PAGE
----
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A few years ago, when Discovery Networks Intl. established its headquarters in a business park in leafy, suburban London, the move from parent Discovery Communications’ Silver Spring, Md., base was more than symbolic. It represented a statement of intent from the cable giant that operates 47 channel brands in 45 languages across 224 countries.

International is now Discovery’s growth engine — a fact illustrated earlier this year in the company’s second-quarter results, and reconfirmed Nov. 4 in third-quarter figures, in which Discovery’s international revenue grew by 32%, while domestic rose by just 1%. That’s a wider disparity than the earlier numbers, in which the company’s international revenue rose 23% as domestic slipped 2%, in what continues to be a tough market for traditional pay TV companies. International revenues in the second quarter outstripped U.S. revs $802 million to $777 million, an important milestone, according to J.B. Perrette, the former NBC-Universal digital maven who took over as head of DNI in January.

No one expects the trend to reverse any time soon, least of all Perrette, who moved  to London in July. To say he’s hit the ground running is an understatement.

In his first six months as DNI president, Perrette finalized the $800 million acquisition of super-indie shingle All3-Media in a joint venture with Liberty Global (itself a Discovery stockholder) and upped Discovery’s investment in sports net Eurosport to 51% from 20%.

There’s talk, too, of other big plays in the British market. Media watchers have speculated about a possible Discovery bid for U.K. terrestrial giant ITV, and perhaps a joint-bid with pay-TV behemoth BSkyB for English Premier League soccer rights.

Meanwhile, Discovery and Liberty have opened talks to jointly acquire a stake in Formula One motor racing.

Whenever talk of acquisitions is put to Perrette, he confirms nothing, but neither does he deny anything. “We will look opportunistically at everything,” he says. “The reality, and this shows how far Discovery has come, is that we are rumored, rightly or wrongly, to be involved in almost every conversation. We will continue to look at everything, but we will do it with a very disciplined eye.”

In other words, expect more acquisitions in the months ahead.

Perrette, 43, who also takes care of the day-to-day business of DNI, has been a Discovery executive since 2006, when he joined the company to run the nascent digital operation. At NBCUniversal, he cut his teeth on the launch of online service, Hulu, and met his mentor, David Zaslav, now Discovery Communications’ CEO.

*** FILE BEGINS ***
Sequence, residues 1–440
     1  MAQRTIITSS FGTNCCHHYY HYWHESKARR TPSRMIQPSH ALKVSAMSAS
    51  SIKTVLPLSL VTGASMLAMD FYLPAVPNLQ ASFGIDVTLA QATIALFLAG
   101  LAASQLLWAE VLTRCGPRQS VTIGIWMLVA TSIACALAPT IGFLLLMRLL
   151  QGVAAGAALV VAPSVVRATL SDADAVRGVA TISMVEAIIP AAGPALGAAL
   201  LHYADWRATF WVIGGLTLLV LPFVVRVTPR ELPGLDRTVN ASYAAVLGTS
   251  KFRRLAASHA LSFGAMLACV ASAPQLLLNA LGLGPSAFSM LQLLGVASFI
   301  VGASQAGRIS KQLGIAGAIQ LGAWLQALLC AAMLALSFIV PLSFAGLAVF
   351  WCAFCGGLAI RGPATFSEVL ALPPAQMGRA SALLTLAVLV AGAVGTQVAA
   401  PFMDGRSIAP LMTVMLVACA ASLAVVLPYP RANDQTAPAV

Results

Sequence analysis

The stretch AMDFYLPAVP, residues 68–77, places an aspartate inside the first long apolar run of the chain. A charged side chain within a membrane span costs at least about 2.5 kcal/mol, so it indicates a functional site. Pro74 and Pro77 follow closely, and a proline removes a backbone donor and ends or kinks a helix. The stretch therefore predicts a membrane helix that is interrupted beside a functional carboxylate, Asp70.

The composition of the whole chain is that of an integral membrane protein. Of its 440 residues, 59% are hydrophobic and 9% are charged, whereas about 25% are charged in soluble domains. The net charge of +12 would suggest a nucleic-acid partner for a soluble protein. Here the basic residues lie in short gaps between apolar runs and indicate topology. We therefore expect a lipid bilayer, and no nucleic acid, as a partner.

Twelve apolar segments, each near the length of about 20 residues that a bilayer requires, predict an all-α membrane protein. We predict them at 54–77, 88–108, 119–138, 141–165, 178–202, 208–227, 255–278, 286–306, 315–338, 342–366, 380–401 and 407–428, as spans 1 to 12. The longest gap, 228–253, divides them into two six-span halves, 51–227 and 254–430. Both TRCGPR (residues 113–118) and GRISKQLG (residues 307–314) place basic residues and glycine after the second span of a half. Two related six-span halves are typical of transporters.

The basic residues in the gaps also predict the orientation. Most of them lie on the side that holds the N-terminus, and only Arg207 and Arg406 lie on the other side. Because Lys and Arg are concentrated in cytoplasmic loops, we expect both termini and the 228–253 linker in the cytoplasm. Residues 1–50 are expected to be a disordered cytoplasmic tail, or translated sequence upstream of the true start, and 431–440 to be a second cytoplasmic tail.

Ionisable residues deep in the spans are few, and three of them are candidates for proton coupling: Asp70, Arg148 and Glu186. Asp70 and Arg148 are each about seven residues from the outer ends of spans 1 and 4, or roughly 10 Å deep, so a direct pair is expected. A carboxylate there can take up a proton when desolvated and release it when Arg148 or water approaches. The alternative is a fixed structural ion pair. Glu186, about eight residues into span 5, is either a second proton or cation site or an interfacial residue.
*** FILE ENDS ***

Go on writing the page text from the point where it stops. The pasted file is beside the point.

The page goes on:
Clearly, Discovery Intl. is in growth mode. The key is in targeting the right opportunities in a hugely unpredictable media landscape. Perrette says that while DNI is big globally, it’s still earning low-single-digit shares in most markets. “In certain markets, we’ve done better,” he allows. In Italy, we’re the third largest broadcaster. In Scandinavia (where DNI owns free-to-air network SBS Nordic), we’re a much bigger player.”

A Hindi version of the network’s Investigation Discovery channel recently bowed in India, while a Danish version launched Nov. 1.

But challenges are rife. On a micro level, All3Media (the umbrella company for some 20 shingles) is still finding the best way to fit in with its new parent.

“What we like about All3Media is (its) great content,” Perrette says. Great storytelling will be the differentiator across all the devices that people watch content on.”

Shows produced out of London are becoming more important to DNI’s strategy. “We started out heavily developing content for the U.S. networks, taking that around the world,” Perrette recently told Blighty’s Royal Television Society. “That was the first pillar of Discovery’s existence. Increasingly, now, the second pillar, (in addition to) U.S.-to-global, (is) U.K.-to-global (content) from our international production team, created here in London. And that includes taking content back to the U.S.”

One example is the car-rehab series “Wheeler Dealers,” a British television series produced by Attaboy TV that airs in the U.S. on Discovery’s Velocity.

While the coming decade will include further changes in the way people consume TV, Perrette doesn’t seem fazed by what might lie ahead.

“In today’s media world you have to be a change agent,” he says. “You have to be someone who is willing to experiment. … And you have to be willing to think about reinvention.”